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Demand flexibility: a key challenge for EU electricity market reform

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The massive development of intermittent renewable energies is set to dramatically increase the need for flexibility in the electricity grid, and market players want increased focus on demand management as a source of grid optimisation.

Read the original French article here.

The war in Ukraine sent EU electricity prices soaring last year, particularly for nuclear and renewable energies, whose cost structure remained unaffected by rising gas prices.

In response, the European Commission proposed reforming the EU electricity market to accelerate the deployment of renewables and proposed measures to make power supply and demand more flexible.

According to EU Energy Commissioner Kadri Simson, the EU’s daily flexibility needs will increase by 133% between 2021 and 2030 and a further 250% between 2030 and 2050 because of the increasing share of intermittent renewable energies injected into the grid, she said in April.

Making demand more flexible

The market’s supply side can be flexible mainly by reserving gas or coal power capacity during peak demand.

However, these resources are expensive to maintain and are insufficient to meet growing demand resulting from the increased use of variable renewables in Europe, such as solar and wind power.

Several market players, therefore, emphasise the potential of demand-side flexibility, including techniques like demand-side shading.

In France, for example, there is a market for load shedding, where energy-intensive industries reduce their production and, thus, electricity consumption to relieve the grid and are paid for doing so.

Energy efficiency is also a solution, especially in the building sector.

In the non-residential sector, “you can optimise demand by up to 30%,” said Gwena?lle Avice-Huet, executive vice president for Europe at Schneider Electric, a European specialist in energy management.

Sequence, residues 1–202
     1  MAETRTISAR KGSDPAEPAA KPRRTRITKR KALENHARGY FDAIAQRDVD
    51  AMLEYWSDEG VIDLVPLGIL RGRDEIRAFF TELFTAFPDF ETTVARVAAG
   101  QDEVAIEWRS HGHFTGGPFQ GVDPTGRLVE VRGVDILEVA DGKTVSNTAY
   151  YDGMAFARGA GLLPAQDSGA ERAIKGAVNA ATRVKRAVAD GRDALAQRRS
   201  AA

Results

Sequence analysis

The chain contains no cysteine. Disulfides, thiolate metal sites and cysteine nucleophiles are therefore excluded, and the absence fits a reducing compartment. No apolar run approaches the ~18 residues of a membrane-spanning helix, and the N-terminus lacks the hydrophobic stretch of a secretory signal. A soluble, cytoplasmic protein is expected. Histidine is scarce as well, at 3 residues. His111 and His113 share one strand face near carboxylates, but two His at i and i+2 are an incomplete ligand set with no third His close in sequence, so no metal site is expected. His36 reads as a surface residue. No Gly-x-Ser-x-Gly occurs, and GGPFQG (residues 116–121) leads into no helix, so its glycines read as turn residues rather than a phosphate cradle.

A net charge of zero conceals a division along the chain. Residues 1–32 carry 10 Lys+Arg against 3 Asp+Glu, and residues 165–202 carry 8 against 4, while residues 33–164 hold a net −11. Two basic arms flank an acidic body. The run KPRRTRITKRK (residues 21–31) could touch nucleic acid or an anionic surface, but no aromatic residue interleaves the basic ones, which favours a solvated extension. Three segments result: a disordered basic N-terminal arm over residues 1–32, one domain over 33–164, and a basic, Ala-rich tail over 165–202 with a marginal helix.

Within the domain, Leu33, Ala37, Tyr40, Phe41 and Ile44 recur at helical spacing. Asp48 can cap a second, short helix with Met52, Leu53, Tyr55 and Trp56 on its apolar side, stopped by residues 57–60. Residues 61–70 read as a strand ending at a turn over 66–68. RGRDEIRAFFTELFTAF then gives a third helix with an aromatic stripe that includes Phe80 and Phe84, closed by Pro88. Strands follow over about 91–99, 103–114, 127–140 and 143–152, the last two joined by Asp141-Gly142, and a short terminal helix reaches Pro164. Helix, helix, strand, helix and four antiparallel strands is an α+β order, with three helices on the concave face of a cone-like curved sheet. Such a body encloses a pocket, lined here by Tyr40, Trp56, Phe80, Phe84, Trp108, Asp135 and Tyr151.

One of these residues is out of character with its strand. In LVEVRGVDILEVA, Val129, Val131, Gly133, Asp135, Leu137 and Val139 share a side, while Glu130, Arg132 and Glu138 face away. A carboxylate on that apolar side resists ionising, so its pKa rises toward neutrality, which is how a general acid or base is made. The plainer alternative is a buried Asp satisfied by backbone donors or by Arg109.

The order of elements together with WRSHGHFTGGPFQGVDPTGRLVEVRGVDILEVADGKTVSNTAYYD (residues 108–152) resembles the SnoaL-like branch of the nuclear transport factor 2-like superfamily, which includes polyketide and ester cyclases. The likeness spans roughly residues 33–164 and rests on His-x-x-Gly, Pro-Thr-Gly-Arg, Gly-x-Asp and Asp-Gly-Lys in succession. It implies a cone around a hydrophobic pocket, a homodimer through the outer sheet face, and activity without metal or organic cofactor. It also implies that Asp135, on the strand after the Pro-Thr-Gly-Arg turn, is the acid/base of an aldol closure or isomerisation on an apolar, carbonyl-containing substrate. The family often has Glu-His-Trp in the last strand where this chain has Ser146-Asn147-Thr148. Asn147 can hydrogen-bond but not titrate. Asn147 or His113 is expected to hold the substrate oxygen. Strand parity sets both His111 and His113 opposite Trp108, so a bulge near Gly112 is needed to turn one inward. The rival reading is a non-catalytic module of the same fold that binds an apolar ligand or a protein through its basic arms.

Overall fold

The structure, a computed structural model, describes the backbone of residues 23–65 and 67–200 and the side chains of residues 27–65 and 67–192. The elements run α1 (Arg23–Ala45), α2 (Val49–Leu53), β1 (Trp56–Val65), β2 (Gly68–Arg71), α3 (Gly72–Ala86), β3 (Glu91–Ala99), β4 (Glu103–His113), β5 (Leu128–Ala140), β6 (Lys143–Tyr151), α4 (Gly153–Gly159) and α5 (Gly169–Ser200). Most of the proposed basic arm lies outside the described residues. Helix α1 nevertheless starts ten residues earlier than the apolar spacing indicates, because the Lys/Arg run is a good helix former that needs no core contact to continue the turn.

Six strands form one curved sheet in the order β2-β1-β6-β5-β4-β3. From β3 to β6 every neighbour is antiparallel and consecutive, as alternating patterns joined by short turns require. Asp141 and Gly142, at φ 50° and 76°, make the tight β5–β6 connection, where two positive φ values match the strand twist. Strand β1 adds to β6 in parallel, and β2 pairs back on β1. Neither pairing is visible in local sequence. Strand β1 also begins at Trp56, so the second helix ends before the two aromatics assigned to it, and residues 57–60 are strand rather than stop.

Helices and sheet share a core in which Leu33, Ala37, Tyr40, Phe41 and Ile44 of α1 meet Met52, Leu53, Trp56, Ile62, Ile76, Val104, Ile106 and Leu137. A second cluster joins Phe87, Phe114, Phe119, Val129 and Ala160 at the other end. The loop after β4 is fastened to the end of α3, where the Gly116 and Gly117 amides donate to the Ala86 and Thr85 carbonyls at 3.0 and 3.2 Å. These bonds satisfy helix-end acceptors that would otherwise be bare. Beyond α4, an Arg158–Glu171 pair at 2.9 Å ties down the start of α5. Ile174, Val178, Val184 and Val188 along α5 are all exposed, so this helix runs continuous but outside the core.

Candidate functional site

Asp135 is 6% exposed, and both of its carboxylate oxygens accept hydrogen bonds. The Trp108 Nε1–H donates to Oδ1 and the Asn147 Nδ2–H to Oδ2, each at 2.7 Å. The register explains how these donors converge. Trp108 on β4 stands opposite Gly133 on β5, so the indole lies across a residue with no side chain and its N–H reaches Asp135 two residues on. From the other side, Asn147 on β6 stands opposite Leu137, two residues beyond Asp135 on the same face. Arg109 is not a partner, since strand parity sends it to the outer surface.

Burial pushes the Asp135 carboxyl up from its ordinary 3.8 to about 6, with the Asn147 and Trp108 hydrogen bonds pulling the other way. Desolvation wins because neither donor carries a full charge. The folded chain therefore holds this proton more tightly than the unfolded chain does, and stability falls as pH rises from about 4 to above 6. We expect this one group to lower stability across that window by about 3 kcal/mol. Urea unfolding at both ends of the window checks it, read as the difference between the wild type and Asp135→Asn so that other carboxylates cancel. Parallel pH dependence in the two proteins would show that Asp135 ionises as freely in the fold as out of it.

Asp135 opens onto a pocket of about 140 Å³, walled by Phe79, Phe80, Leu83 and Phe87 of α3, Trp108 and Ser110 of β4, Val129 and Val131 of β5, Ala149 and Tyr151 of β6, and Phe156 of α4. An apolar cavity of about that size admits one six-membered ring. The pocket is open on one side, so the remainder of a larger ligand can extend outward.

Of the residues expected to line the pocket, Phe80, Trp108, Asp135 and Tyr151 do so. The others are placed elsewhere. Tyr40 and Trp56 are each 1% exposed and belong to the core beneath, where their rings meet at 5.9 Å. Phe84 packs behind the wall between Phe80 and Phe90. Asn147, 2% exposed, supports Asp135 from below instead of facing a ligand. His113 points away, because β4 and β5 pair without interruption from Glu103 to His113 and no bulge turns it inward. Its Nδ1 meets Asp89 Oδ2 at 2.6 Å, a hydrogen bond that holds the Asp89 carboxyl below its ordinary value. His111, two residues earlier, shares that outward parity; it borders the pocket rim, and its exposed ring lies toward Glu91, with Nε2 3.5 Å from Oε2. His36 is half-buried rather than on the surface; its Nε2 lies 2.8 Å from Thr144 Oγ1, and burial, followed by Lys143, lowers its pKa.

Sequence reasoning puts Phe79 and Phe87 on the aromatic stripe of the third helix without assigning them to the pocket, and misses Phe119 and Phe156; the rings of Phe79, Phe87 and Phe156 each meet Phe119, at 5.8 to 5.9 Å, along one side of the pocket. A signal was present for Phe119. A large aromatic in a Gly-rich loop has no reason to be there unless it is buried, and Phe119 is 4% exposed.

“The potential is even greater than in the residential sector,” she told EURACTIV France, pointing out that 18% of buildings in the EU are non-residential while accounting for a third of energy consumption.

In the residential sector, “the idea is to have control over the loads in the house” – essentially heat pumps and electric cars – thanks to “submetering”, i.e. measuring the consumption of connected objects in a building or house, explains Avice-Huet.

Using electric car batteries

In the case of electric cars, the technologies under development relate to “bidirectional charging”, which allows electricity to be sent back to the grid from the batteries.

Some manufacturers, such as Tesla, are already working on this, according to Michael Villa, executive director of smartEN, an association promoting the deployment of flexibility.

In June, Luxembourg’s energy minister, Claude Turmes, called on the European Commission to make bidirectional charging mandatory.

Unexploited potential

To date, “most of the technologies that make consumers flexible are already on the market,” says Villa. “By 2020, 200 GW of flexible capacity will have been installed in buildings,” he explains.